National Oceanic and
Atmospheric Administration
United States Department of Commerce


FY 1989

Lysocline, calcium carbonate compensation depth, and calcareous sediments in the north Pacific Ocean

Chen, C.T.A., R.A. Feely, and J.F. Gendron

Pac. Sci., 42(3–4), 237–252 (1988)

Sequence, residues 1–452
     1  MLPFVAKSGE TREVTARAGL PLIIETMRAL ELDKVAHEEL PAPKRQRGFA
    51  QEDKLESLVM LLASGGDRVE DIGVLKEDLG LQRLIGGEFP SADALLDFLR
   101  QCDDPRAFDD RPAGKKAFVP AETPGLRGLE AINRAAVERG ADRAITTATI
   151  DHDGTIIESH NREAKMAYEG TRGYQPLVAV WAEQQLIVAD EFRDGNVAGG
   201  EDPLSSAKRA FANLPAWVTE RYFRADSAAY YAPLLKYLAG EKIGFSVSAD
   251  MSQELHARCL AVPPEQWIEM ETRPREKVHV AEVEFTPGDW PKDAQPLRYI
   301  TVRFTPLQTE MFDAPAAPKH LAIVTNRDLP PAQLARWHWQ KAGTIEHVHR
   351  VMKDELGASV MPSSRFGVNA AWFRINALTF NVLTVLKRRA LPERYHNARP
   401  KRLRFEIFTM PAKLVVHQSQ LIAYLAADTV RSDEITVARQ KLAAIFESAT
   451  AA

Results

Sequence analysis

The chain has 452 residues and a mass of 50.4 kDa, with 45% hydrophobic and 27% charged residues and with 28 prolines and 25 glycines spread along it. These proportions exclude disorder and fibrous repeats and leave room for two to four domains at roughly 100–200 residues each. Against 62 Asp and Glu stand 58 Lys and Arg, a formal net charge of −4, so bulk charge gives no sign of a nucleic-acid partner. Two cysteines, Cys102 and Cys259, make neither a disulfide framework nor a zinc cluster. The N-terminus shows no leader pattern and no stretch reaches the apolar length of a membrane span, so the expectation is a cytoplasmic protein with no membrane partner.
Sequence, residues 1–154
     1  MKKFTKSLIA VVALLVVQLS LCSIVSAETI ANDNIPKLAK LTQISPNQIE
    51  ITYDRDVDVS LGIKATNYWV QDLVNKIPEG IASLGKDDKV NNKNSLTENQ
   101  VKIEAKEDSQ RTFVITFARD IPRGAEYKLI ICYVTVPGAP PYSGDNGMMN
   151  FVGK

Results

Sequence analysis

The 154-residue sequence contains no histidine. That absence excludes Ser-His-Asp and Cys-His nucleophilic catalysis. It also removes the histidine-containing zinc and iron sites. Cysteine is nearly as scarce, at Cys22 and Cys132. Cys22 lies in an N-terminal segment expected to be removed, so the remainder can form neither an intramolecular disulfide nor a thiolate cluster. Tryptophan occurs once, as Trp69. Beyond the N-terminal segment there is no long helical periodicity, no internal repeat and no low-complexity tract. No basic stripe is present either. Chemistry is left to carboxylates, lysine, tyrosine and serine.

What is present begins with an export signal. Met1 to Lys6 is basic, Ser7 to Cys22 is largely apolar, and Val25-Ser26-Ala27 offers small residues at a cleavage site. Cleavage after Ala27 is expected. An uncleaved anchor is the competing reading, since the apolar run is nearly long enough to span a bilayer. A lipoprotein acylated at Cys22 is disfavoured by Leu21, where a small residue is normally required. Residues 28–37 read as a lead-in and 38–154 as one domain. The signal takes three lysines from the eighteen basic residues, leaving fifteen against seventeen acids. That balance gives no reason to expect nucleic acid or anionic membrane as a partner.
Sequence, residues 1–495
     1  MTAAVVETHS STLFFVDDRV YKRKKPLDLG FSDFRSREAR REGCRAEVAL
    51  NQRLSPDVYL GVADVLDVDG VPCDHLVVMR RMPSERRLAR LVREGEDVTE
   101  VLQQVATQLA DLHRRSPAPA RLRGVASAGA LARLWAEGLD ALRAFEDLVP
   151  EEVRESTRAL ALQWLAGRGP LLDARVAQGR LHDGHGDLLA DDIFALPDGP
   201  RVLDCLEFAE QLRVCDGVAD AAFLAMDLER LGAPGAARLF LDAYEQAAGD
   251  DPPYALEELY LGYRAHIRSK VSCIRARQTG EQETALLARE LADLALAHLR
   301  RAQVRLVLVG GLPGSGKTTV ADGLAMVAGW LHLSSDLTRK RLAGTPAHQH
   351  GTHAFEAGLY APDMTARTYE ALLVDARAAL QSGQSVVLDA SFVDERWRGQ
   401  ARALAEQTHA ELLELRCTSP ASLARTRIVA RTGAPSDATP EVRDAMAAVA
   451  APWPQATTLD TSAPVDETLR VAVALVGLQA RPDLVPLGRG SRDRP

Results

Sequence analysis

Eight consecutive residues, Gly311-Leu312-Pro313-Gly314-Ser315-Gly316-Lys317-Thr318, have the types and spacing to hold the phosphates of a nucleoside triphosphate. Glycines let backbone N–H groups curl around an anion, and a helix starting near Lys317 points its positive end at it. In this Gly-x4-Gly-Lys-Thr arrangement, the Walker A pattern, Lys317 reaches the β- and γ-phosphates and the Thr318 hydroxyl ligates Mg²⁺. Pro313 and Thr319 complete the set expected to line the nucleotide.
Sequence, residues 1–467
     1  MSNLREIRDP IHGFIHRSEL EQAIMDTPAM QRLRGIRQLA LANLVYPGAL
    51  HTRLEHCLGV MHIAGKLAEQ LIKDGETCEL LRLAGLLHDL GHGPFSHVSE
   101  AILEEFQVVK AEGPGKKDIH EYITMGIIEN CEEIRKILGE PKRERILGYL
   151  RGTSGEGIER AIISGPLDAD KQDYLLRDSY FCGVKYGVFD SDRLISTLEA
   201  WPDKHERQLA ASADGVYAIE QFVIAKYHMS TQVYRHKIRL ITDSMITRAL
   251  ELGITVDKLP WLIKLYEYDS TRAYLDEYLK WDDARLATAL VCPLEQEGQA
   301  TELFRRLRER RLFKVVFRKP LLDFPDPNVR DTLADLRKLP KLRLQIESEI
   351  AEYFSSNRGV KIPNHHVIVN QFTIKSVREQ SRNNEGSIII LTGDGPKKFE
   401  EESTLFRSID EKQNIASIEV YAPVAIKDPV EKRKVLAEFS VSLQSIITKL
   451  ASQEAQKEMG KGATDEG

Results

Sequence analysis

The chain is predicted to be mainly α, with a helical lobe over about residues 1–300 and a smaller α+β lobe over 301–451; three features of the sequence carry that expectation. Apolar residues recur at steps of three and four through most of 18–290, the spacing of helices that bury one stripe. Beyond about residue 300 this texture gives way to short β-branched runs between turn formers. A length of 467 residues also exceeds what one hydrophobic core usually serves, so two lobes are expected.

An extensive oceanographic investigation has been carried out in the North Pacific Ocean. The purpose of this report is to present the results of two cruises in which we participated and to report additional carbonate data from samples collected for us in the North Pacific. These data are combined with data from the literature to provide an overall picture of the carbonate system in the North Pacific. The degree of saturation of seawater with respect to calcite and aragonite was calculated from all available data sets. Four selected cross sections, three longitudinal and one latitudinal, and two three-dimensional graphs show that a large volume of the North Pacific is undersaturated with respect to CaCO. The saturation horizon generally shows a shoaling from west to east and from south to north in the North Pacific Ocean. It was found that the lysocline is at a depth much deeper (about 2500 m deeper) than the saturation horizon of calcite, and several hundred meters shallower than the calcium carbonate compensation depth. Our results appear to support the kinetic point of view of the CaCO dissolution mechanisms. Differences in the abundance of the calcareous sediments are explained by differences in the calcium carbonate compensation depth.

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